Non ma fille, tu n’iras pas danser
France, 2009, 107 minutes
Tue, May 04 / 3:45 / Kabuki / MAKI04K
Thu, May 06 / 8:30 / Kabuki / MAKI06K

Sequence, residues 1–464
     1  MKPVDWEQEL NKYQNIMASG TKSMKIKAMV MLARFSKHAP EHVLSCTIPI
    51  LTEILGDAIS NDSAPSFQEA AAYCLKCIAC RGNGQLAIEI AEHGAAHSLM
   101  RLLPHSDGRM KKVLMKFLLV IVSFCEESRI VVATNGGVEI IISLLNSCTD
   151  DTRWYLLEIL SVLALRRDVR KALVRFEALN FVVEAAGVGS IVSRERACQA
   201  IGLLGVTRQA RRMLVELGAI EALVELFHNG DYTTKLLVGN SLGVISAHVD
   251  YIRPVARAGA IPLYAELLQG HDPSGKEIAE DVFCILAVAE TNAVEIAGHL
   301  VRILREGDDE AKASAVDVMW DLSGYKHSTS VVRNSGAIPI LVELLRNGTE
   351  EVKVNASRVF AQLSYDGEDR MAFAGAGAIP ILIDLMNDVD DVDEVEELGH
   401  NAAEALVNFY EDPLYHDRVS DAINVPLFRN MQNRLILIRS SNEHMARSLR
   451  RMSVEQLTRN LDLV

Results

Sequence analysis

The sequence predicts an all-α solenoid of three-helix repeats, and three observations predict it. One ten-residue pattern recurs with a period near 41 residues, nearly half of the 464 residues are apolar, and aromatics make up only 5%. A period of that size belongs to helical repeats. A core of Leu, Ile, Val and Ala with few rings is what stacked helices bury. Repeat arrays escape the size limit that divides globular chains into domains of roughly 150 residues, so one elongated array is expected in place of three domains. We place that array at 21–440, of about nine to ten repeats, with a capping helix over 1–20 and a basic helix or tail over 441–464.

Lena blazes into her family’s country home in a desperate fury, her two bewildered children in tow. Ostensibly, she and her chain-smoking pregnant sister Frédérique and happy-go-lucky brother Gulven are seeing their parents off on a bus tour to Rome, but other agendas soon surface. Lena, having impulsively packed up and left her husband, is in the midst of a messy divorce, and her family’s desire for her to be happy results in a pile-up of unsolicited advice, personal critiques and misguided attempts at social intervention. Not even the bucolic Breton countryside offers much comfort, serving up instead gothic folktales featuring a variety of dangerous women. French director Christophe Honoré wears the mantle of the New Wave lightly as he playfully unfolds his version of a woman on the edge, mixing dispassionate documentary-style observation with direct addresses to the camera and sudden leaps across time and place. In this world, the progression from quiet conversation to an exchange of blows seems both inexplicable and inevitable. A galaxy of supporting characters turn in stellar performances as they revolve around and react to Lena’s unpredictability. In a film that provides no easy resolutions, Chiara Mastroianni is riveting as the alternately brusque and vulnerable Lena, unwilling or unable to conform to others’ expectations and radiating panic in the face of vertiginous freedom as she confronts a life falling apart.